children: John, Peter, Elizabeth, Mary, Dorothy and Son James, also mentions "My now wife Dorothy," Son David and two daughters Rachel and Ruth. Administration granted to Dorothy Haines and David Haines, dated 29 March 1697. The inventory of the estate of Deacon John Haines, "who died ye six* of March Anno Domo 1697," and the total amounted to £556 : 15 : 00.

Ch1ldren:

El1zabeth, b. 19 July 1644, m. Henry Balcom of Charlestown, 12 Aug.

1666. A widow Balcom d. at Sudbury, 20 Nov. 1715. John, Capt., b. 6 May 1649, m. Ruth Roper at Sudbury, 19 June

[16)83, d. at Sudbury, 11 Dec. 1710. Mary, b. . A Mary Haynes married Josiah How at Sudbury,

18 May 1671.

Dorothy, b. 1651, m. Joseph Freeman, 6 May 1680; d. at Preston,

Conn., 26 Jan. 1697/8.

Peter, b. 7 April 1654, m. Elizabeth Rice, 2 Jan. 1677.

Rachel, b. 12 Feb. 1655, m. John Lochard of Sudbury.

Joseph, b. 7 Sept. 1656. (Killed in youth by a fall from a tree.)

Thomas, b. 1658; d. at Sudbury, 30 May 1683.

James, b. 17 March 1660/1, m. Sarah Noyes, 21 Dec. 1689; d. at Sudbury, 15 Oct. 1732.

Dan1el, b. 16 May 1663. He died a soldier in 1688.

Ruth, b. 7 April 1668, m. Joseph Noyes at Sudbury, 20 Dec. 1693; d. at Sudbury, 20 May 1727.

Dav1d, b. 4 May 1676, m. Tabitha Stone of Framingham.

FREEMAN Joseph (Sergt.),2 (John1), was the son of John and Elizabeth (Noyes) Freeman, born in Sudbury, Mass., 29 March 1645. He married 6 May 1680 at Sudbury, Dorothy, daughter of John and Dorothy (Noyes) Haynes. She was born 1651. He became a prominent man, first settled at Stow, Mass., and afterward at Preston, Conn. The first record we find of him dated 26 March 1677 in the Sudbury Town Records, is as follows: "Jos. Freeman with others are given liberty to build a saw-mill on Upper Hop Brook." He was a Freeman in 1678. From a document dated 1681, we learn that he with others were owners of twelve original lots drawn in the town of Stow. On 9 April 1683 he with four others were chosen the first Selectmen of Stow. In 1684 he is on a committee to purchase a tract of land " for them selves and for all the rest of the English proprietors therof; giving them the full power to treat with and purchase the same of the Indians; proprietors of the said tract of land to satisfy & pay them for their natural ancient & hereditary rights title & interest therunto." He was representative to the General Court from Sudbury 1691.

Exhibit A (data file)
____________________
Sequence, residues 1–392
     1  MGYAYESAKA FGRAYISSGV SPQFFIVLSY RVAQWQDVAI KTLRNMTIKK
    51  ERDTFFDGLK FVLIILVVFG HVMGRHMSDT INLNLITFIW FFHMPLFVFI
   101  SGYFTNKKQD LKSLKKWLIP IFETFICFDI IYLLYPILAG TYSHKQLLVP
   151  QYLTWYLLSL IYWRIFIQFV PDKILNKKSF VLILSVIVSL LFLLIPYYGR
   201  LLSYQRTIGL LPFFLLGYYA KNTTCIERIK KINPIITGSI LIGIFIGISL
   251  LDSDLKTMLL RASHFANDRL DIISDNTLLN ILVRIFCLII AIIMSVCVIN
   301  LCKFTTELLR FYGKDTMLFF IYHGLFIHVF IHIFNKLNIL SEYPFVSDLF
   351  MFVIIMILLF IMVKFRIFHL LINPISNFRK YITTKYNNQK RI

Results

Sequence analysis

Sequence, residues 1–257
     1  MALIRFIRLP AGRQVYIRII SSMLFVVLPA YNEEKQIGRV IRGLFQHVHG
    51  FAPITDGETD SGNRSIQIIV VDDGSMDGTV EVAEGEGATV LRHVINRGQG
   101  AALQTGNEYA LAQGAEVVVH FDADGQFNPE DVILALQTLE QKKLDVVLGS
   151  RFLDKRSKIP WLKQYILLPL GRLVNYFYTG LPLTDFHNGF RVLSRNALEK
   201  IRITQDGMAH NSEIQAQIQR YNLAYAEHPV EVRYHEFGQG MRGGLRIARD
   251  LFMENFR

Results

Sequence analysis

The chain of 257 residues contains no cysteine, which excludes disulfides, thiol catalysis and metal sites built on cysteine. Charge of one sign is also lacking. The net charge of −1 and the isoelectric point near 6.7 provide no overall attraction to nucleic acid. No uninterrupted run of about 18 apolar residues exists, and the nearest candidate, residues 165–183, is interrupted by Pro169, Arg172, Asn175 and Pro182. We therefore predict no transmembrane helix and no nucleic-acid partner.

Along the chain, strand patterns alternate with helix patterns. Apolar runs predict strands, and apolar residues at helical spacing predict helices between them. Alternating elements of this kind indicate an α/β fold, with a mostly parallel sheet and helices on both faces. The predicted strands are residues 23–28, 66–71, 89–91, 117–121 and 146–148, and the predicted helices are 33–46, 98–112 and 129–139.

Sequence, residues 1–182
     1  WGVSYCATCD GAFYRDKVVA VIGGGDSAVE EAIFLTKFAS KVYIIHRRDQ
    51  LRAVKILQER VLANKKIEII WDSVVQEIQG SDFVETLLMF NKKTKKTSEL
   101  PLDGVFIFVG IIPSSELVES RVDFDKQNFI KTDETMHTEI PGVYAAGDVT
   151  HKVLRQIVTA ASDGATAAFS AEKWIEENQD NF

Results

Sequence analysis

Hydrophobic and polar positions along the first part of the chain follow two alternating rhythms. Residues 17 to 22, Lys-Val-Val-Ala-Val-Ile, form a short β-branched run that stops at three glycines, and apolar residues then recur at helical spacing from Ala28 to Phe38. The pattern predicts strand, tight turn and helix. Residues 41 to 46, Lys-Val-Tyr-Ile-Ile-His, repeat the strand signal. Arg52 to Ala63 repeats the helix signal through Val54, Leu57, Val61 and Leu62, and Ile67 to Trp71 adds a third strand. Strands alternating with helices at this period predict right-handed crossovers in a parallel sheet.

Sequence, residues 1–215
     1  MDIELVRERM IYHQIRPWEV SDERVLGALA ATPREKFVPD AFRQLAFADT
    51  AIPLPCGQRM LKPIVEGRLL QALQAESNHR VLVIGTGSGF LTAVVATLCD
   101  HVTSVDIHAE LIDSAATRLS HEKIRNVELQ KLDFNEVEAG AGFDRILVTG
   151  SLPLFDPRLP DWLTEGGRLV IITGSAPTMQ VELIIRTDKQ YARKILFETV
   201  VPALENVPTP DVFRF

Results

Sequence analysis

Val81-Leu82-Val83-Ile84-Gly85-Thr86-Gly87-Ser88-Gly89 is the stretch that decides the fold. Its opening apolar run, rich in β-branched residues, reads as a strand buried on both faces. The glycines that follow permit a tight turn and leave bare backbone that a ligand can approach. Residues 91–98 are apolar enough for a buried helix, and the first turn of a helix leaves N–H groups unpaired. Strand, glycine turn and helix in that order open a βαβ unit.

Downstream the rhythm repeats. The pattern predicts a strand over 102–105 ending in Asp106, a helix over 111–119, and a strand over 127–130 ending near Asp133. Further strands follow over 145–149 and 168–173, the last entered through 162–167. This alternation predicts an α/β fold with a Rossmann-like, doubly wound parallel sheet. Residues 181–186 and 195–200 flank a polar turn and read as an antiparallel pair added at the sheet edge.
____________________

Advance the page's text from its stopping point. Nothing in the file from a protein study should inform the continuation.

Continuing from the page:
He soon removed to Preston, Conn., that part now called Griswold, and bought a farm, a description of which now follows: "The Old Freeman Farm, in Griswold, Conn. — On 5 May 1692 the heirs of Christopher Huntington, deceased, of Norwich Conn, sold to Joseph Freeman, better known as Sergeant Joseph Freeman, and Josiah Haynes both of ' Sudbrough,' Mass., a tract of land in Preston, Conn, bounded on the west by the Norwich line, containing 250 acres. This tract was nearly in the form of a square with the northeast corner gouged out and measured 240 rods on the west side and 232 rods on the south side. — (See No. 1 on Map, p. 124.) In 1698 Sergeant Joseph Freeman died and his two sons John and Joseph inherited his part of the land above mentioned. In 1703 Josiah Haynes executor of Sargent Freeman's Will bought for the sons John and Joseph all the land between the Norwich line, which was their west bound and the Quinebaug river, comprising some 150 acres. — (See No. 3 on Map.) In 1709 Josiah Haynes conveyed to John and Joseph his half of the original tract, which he and Sargeant Joseph bought together. Sometime during these years it is presumed but just when and through whom is not known, the Freemans acquired the territory gouged out of their Northeast corner, before mentioned, making the Freeman land a block nearly in the form of a parallelogram and covering a full square mile. — (See No. 2 on Map.) On Feb. 3, 1710/1 1 John and Joseph divided their farm by an east and west line which ran a part of the way on the path between their two houses (this must have been the lane mentioned later). Joseph was to have the south side and John to have the north side of this line. On the north side of the lane which ran from what is now the main road to the fording place in the river, stood the old Freeman house. It was standing when I was a boy and I remember it well. It was built on the brow of the hill and overlooked goodly portions of three towns. It was a large one story house and when I knew it, was considered the oldest house in the community. It had a large stone chimney in the center and a gambrelled roof, the gables